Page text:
Should we be trying to change the world?

posted in: MFin | 0

After introducing the MFin to a group of new joiners to Cambridge Judge Business School last week, one asked me whether we on the MFin were actually trying to change the finance industry?

I think his unspoken assumption was that the industry needs changing, and that if we teach students the same old finance stuff then we are contributing to the continuation of a flawed model. It’s a good question. We describe the MFin as academically rigorous and commercially relevant. So we teach what academic research has discovered, within the limits of what can be known with any confidence in a social science. And we try to reflect what actually happens out there in practical finance, emphasising good practice.

But is this enough? A few readers may have heard a once-famous saying by a German writer called Karl Marx: “The philosophers have only interpreted the world, in various ways. The point, however, is to change it.” These words (which are inscribed on Marx’s very grand Victorian tombstone in Highgate Cemetery in north London) are from Marx’s commentary on another German philosopher, Ludwig Feuerbach, who wrote an influential critique of Christianity in 1841. Marx and Feuerbach both argued for action, rather than academic detachment. There is certainly a moral argument for saying that if you know something is wrong and you have the power to influence other people, you should do so.

But we in finance lack the certainty of Marx (whose confidence in his solutions to the problems of capitalism was excessive – he didn’t live to see the calamitous results in Russia and China). The goal of finance should be to achieve the success of medicine, a discipline that harnesses academic research to real human needs, and which has achieved astonishing successes. Finance is, alas, a very long way from that success.

I said in my talk that I believe that finance, if done well, is a valuable activity. I meant “well” in the twin sense of “competently” and “ethically”. Both of these words raise difficulties. For many of the problems in finance (e.g. how to arrange pensions, how to finance companies effectively, how to finance infrastructure) we have a lot of theory and some experience which at the very least narrow the range of sensible policy options. But we lack the knowledge of an engineer asked to construct a crossing over a river. The reason that bridges rarely fall down but financial crises recur is that engineers have a cumulative body of knowledge that reduces the risk of future errors, except when they do something pioneering – and even then they build on proven designs. Finance learns much more slowly and sometimes we forget the lessons of earlier times through a failure to study financial history. Finance solutions are rarely entirely technical – they intersect with political and legal realities and genuine differences of moral opinion. Finance theory can certainly help but it cannot yet offer the technical competence of engineering.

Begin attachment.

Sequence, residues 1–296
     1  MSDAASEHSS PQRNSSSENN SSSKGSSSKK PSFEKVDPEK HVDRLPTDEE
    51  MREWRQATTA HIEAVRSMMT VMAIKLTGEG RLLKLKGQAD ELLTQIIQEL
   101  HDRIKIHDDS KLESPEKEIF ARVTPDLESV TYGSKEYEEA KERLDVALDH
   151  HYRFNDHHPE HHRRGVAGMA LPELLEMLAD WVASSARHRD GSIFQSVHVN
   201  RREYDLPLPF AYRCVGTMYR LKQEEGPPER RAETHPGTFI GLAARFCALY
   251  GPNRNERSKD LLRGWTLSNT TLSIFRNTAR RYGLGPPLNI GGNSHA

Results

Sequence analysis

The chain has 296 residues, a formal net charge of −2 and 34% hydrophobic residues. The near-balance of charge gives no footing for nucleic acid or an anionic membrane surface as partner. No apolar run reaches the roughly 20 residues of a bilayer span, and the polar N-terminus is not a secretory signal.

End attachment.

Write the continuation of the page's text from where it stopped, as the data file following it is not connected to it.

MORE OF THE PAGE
As for the ethical side, finance is no more inherently unethical than any other area of business. But it does have greater opportunities for the unscrupulous, especially in retail products. Ordinary customers of financial services face the asymmetric information problem of a client of a law or accounting firm but without the reassurance (not always justified) that there is a professional body of knowledge administered in a professional way. This is one reason why retail finance is heavily regulated.

So how should a degree like the MFin approach these things? Much as I wish we had the truth that could transform the finance industry, we don’t. And we should be honest about our lack of knowledge. I may have my own views about the way the industry works and how it should be regulated but it would be unforgivably overconfident of me to impose these on other people. Instead we have to teach what is known about finance, the body of knowledge that has passed the test of time so far, but accept that it is provisional and imperfect. Our somewhat difficult course on the Economic Foundations of Finance is there to remind students of the limiting and unrealistic assumptions of rational human action that underpin all mainstream finance. Behavioural finance has shown just how limiting these assumptions are but it has not offered a practical alternative to rebuilding the subject.

I firmly believe that learning finance better will lead to better finance outcomes, so long as the sin of over-confidence is avoided. It’s hard for engineers and natural scientists to get used to the messy, fuzzy reality of practical finance, which is an unavoidable result of having to work with people, rather than molecules. As another great German philosopher, Immanuel Kant, said, “Out of the crooked timber of humanity, no straight thing was ever made.”

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